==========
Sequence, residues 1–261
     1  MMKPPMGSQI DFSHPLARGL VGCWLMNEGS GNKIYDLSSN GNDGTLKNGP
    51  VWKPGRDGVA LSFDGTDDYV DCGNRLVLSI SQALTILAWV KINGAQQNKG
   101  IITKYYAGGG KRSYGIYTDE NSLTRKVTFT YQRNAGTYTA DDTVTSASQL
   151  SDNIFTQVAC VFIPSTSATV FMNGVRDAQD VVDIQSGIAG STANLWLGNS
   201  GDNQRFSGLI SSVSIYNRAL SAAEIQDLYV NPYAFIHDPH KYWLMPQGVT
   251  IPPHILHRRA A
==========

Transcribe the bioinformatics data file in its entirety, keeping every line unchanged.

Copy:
Sequence, residues 1–261
     1  MMKPPMGSQI DFSHPLARGL VGCWLMNEGS GNKIYDLSSN GNDGTLKNGP
    51  VWKPGRDGVA LSFDGTDDYV DCGNRLVLSI SQALTILAWV KINGAQQNKG
   101  IITKYYAGGG KRSYGIYTDE NSLTRKVTFT YQRNAGTYTA DDTVTSASQL
   151  SDNIFTQVAC VFIPSTSATV FMNGVRDAQD VVDIQSGIAG STANLWLGNS
   201  GDNQRFSGLI SSVSIYNRAL SAAEIQDLYV NPYAFIHDPH KYWLMPQGVT
   251  IPPHILHRRA A